A few months ago, I joined my good friend Benj for a six day hike across the Mountainous Georgia section of the Appalachian Trail. To put it mildly, it was the most significant physical or mental challenge that I’ve experienced in my 56 years.
I learned dozens and dozens of lessons, but I learned one lesson within the first hour of our hike. That lesson continued to show up hour after hour.
On day one, it was weather. Rain, wind and almost 16 miles up and down the North Georgia Mountains.
On night one, it was , well…it was a night that I cannot remember. I think Benj tucked me into my sleeping bag. Apparently it rained all night.
On day two, it was a 6 mile stretch with no water source to help hydrate a very sore, very weary body.
On night two, ginormous thunderstorms with wind, lightning and a total wash out of most of my camp. It was one of the most brutal evenings imaginable.
By day three, I had recuperated and we were back in a good place.
Day four, I thought we were on top of our game, but by the time we got our tents out, another cold rain had arrived. When I say cold…I’m not talking chilly…I’m talking cold.
And then day five arrived and we were fooled time after time. With my lungs screaming for air and my legs screaming for a hot tub, the summit’s of each mountain would laugh at me as I realized there was still another summit to tackle.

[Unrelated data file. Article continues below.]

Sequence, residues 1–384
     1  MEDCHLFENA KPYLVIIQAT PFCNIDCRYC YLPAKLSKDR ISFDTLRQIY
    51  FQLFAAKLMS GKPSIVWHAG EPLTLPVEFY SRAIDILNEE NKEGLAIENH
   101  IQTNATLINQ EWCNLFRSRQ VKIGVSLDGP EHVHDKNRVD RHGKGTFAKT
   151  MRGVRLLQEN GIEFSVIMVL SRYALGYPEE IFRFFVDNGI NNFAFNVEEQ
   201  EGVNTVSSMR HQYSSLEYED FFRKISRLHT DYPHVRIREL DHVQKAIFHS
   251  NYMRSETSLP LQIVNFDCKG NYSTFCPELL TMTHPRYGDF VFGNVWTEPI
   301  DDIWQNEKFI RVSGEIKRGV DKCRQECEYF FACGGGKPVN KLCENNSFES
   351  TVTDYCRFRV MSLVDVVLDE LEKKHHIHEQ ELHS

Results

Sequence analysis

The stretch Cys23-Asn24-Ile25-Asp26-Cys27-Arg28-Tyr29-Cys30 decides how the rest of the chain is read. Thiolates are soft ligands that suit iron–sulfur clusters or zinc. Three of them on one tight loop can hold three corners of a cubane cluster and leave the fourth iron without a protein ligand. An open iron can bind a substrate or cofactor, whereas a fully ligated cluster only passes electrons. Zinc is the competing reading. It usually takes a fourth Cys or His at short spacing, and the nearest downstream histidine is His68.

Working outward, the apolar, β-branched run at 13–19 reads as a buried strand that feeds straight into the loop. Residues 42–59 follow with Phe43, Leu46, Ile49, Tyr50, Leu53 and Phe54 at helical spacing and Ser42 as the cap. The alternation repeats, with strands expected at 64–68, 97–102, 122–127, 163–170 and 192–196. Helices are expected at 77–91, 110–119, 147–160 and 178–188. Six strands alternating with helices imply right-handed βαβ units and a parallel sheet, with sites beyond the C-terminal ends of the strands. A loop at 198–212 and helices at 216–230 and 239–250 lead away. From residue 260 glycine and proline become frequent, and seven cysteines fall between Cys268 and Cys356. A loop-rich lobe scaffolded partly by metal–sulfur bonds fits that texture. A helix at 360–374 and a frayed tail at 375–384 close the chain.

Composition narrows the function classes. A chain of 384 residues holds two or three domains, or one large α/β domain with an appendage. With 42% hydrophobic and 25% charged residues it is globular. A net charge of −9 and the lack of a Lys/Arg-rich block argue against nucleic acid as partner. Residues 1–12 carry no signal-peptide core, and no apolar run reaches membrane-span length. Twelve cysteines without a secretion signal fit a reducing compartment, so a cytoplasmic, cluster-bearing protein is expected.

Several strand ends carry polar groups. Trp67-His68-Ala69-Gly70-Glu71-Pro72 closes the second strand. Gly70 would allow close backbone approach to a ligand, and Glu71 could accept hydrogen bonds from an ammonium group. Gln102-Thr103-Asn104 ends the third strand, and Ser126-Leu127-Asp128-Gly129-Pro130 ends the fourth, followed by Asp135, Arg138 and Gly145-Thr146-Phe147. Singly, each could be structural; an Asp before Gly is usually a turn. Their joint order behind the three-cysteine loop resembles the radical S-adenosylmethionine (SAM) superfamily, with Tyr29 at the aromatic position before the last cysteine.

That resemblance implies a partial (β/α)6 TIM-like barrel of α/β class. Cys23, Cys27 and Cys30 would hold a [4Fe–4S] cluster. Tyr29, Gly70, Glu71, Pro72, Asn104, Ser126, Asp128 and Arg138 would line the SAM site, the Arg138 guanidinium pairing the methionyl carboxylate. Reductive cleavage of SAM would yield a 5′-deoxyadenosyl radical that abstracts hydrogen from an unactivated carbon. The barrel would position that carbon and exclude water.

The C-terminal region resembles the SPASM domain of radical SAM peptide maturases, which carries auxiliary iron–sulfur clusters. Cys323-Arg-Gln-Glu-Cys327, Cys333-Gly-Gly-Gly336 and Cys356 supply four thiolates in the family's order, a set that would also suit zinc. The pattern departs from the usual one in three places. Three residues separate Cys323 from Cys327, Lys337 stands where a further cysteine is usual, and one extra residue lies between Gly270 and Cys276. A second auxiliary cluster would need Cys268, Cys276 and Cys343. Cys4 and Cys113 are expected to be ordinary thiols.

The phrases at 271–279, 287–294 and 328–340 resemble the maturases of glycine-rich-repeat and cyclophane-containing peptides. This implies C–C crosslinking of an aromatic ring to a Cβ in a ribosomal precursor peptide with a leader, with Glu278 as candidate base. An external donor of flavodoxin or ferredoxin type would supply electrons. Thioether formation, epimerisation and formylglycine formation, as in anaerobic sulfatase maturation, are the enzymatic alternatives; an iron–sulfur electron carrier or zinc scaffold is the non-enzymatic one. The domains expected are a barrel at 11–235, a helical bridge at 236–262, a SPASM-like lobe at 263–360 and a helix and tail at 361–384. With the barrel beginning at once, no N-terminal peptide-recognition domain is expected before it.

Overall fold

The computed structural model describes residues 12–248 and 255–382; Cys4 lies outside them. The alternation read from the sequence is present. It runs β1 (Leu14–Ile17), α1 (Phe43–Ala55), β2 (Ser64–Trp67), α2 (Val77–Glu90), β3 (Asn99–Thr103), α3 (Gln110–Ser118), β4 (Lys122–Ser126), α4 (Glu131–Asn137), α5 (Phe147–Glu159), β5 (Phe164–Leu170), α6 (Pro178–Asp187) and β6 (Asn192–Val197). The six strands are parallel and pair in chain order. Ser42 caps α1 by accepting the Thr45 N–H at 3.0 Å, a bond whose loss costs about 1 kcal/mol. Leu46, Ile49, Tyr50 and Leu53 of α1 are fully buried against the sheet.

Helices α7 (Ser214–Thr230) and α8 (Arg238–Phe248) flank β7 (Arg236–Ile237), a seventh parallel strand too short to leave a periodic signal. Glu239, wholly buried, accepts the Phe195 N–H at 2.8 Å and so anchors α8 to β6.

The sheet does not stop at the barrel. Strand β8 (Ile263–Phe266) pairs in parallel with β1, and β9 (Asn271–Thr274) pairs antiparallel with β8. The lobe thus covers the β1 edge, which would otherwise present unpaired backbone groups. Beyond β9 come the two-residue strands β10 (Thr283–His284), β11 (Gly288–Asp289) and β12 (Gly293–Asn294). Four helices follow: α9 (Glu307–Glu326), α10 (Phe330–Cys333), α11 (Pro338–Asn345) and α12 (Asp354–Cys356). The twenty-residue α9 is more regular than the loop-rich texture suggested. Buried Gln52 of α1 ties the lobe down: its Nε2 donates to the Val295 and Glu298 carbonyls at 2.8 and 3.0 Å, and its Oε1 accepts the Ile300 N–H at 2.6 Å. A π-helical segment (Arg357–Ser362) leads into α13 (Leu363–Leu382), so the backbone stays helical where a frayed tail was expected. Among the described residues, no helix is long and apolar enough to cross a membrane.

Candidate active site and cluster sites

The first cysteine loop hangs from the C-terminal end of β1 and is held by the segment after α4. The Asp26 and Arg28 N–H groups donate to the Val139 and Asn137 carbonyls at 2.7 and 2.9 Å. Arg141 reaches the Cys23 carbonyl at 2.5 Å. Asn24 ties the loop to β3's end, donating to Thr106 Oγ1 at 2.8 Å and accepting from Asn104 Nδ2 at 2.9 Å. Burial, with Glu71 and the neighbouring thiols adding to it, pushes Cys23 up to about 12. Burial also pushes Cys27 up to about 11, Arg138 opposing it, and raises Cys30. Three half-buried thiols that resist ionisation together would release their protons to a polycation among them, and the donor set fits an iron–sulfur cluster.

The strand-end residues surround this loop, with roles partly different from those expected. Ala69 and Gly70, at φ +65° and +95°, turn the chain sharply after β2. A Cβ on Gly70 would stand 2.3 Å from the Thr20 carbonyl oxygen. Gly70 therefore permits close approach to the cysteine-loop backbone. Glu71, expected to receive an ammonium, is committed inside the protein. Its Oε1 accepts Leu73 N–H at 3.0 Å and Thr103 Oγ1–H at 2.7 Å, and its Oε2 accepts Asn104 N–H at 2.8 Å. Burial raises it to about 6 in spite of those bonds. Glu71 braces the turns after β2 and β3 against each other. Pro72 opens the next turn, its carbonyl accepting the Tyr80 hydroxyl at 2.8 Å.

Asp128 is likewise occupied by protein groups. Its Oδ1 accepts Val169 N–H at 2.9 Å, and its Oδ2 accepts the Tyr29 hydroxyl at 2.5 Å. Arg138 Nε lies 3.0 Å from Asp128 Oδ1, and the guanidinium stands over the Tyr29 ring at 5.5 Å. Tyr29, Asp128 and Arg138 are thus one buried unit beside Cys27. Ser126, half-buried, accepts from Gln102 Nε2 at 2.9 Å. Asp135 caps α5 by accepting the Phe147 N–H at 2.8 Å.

And on night five, a hail storm as we were trying to get our tents pitched. Pea sized hail beating us, soaking us and laughing at us. I was freezing, hungry, weary and angry. At one point, I recall saying “Lord—Really?” But we each did our best Bear Gryllis’ imitation and got out of the wet clothes, got on some dry clothes and fired up the tiny stoves inside each tent. At some point, we determined that day six was the perfect day to hike about 9 miles out and go home.
On day six, I somehow misjudged the size of the fight in the mountains, but made it and lived to make it to a shower. When Jenny picked us up, were pretty nasty and had an unearthly scent that had to have been what the monster aliens smelled like in Men in Black.
What’s the lesson? The first and most powerful lesson is that no matter how well you are prepared, this life can mock you, tease you, beat you and frighten you. But the lesson isn’t in the beating or mocking… The lesson is GETTING UP AGAIN. The lesson is putting your head down and plowing on. The lesson is that this isn’t for the faint of heart. BUT! If you get knocked down 10 times – GET UP ELEVEN! If you get plowed down 18 times, GET UP NINETEEN!
Failure isn’t final and fear isn’t from your Creator. He promised to never leave, and He won’t. So the first lesson is this. DON’T STOP! Keep going! Point your toes in the direction God has for you and KEEP GOING! You’ll find that a long obedience in the right direction is the lesson of life.
If you feel like quitting…KEEP GOING! I’m pulling for you!!